I wonder if there exists any summary or paper analysing the time it takes for the creation of a new language (with all reservations concerning definitions of languages et dialects etc.)? Take, for ...
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2answers
454 views

Do atonal languages have a tonal ancestor?

One of the distinctions among languages is the tonal/atonal distinction. Dediu & Ladd (2007) suggest that this split between tonal and atonal languages is related to a recent mutation in the ASPM ...
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51 views

Is there a way to measure culture's impact on a language?

I was wondering if there were any current models that measured the effect of cultural shifts in a given language. Specifically, is there consistent/model-able lag between major cultural events and how ...
7
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1answer
179 views

What is the sound law to describe the etymology of “helix” and “vulva”?

What confused me is the transition from "w" in PIE *wel- to "h" in E. helix . And what's the sound law applied to the word E. "vulva",which has the change from "w" to "v"? helix "a spiral ...
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0answers
135 views

What is the current understanding of the classification of indigenous American languages?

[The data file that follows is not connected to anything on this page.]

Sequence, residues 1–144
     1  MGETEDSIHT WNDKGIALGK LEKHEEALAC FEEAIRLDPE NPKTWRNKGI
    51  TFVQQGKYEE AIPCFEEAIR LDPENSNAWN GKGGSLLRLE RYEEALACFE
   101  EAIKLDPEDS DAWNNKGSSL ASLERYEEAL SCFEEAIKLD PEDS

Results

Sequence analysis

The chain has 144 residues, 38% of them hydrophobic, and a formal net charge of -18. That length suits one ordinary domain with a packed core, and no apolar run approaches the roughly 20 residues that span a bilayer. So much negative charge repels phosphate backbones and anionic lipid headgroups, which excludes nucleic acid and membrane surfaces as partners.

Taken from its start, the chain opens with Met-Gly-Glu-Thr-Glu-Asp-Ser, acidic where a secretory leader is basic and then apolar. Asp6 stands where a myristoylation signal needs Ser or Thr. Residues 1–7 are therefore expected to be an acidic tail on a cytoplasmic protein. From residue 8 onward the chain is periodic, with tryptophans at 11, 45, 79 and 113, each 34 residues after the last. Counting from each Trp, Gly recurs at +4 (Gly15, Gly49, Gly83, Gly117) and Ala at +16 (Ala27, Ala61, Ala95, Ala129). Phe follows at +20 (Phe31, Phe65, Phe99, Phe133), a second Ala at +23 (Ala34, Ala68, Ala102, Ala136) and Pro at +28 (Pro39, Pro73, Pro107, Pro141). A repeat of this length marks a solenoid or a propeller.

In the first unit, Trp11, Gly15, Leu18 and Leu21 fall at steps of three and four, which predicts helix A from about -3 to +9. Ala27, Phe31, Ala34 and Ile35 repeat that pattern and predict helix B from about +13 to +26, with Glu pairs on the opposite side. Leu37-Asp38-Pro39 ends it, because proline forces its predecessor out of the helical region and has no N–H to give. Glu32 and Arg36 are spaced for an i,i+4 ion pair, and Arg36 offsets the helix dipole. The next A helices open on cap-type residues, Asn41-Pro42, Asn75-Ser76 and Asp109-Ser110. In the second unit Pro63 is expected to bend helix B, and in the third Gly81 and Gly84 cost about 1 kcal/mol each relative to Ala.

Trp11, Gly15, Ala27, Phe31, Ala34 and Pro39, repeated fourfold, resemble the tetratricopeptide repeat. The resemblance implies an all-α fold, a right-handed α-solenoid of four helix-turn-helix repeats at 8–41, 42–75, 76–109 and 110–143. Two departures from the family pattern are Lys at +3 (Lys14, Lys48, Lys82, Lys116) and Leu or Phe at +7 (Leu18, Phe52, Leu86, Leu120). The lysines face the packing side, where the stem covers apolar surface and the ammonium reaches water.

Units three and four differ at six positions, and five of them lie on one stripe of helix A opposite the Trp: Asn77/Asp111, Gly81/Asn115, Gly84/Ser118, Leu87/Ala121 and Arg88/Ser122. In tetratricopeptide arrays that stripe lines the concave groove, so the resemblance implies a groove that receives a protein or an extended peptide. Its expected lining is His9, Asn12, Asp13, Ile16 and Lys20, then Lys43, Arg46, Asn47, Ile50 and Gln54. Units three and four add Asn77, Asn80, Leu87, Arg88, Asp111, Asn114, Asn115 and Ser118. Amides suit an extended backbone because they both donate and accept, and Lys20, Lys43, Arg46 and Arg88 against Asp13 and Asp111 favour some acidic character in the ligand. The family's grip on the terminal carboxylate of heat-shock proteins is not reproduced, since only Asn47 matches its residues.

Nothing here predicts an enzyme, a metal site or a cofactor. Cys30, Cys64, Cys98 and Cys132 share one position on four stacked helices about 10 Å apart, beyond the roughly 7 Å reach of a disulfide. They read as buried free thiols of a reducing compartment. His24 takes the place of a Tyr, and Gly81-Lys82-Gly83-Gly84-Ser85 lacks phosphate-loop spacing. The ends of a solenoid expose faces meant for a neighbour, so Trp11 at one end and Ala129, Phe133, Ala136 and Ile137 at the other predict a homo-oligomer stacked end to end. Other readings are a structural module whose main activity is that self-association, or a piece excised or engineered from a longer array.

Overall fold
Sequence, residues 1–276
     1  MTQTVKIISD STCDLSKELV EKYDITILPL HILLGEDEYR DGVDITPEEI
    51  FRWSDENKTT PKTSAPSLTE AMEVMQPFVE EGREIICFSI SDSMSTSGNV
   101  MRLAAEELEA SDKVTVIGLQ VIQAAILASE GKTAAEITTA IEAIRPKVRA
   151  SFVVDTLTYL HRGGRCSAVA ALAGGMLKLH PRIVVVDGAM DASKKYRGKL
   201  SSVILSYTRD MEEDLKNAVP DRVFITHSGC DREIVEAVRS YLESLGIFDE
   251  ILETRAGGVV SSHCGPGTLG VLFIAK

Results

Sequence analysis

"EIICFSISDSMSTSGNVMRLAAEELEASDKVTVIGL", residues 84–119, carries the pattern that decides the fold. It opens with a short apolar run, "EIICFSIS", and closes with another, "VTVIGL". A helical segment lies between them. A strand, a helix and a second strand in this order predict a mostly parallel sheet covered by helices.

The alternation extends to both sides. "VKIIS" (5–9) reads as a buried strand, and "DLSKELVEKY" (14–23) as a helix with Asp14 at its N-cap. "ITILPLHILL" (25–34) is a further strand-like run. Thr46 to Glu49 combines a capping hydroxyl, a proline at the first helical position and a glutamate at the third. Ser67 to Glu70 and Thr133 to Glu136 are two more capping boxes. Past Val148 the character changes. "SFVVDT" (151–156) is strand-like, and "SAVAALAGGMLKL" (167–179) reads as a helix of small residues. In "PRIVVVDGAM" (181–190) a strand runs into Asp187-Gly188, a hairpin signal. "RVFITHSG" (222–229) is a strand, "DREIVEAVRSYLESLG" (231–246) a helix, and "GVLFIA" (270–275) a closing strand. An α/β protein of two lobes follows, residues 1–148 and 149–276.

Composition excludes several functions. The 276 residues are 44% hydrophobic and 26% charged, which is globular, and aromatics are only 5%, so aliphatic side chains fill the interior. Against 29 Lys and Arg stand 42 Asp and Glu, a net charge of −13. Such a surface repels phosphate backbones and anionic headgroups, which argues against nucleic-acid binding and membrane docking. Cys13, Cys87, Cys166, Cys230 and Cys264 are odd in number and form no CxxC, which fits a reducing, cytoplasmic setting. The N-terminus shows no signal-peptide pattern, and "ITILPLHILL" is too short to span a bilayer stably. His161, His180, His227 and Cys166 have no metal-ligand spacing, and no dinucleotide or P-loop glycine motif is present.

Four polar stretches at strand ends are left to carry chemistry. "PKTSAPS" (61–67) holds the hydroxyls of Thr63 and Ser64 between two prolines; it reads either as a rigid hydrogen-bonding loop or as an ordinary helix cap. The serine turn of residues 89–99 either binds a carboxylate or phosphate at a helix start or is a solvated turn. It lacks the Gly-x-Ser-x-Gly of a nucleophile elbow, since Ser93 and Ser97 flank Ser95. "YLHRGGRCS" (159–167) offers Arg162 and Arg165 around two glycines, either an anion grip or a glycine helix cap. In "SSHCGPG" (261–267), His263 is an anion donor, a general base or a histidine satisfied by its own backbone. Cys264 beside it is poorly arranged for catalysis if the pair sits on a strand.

Inspired by this recent question on Greenberg's classification of African languages, I wonder about the current state of classification of the American languages. (By "American" I mean the indigenous ...
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395 views

What is the current understanding of Greenberg's classification of African languages?

In a reply to the criticism of his classification of the languages of the Americas, Greenberg (1989: 107) characterized his work on African languages as follows: [...] my classification is clearly ...
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1answer
306 views

Diachronic devoicing of initial lenis plosives in English

I get the impression that in the "classical Received Pronunciation" of English during phonetician Jones's era, the lenis plosives /b/, /d/, /g/ (and probably the affricate /dʒ/ as well) in initial ...
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351 views

What is the “first language”?

I vaguely remember reading an article about a book that talked about what the "first language" would have consisted of, but I can't seem to recall what the book was or what the language was called. ...
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2answers
864 views

What language came before Proto-Indo-European?

What is the Proto-Proto-Indo-European?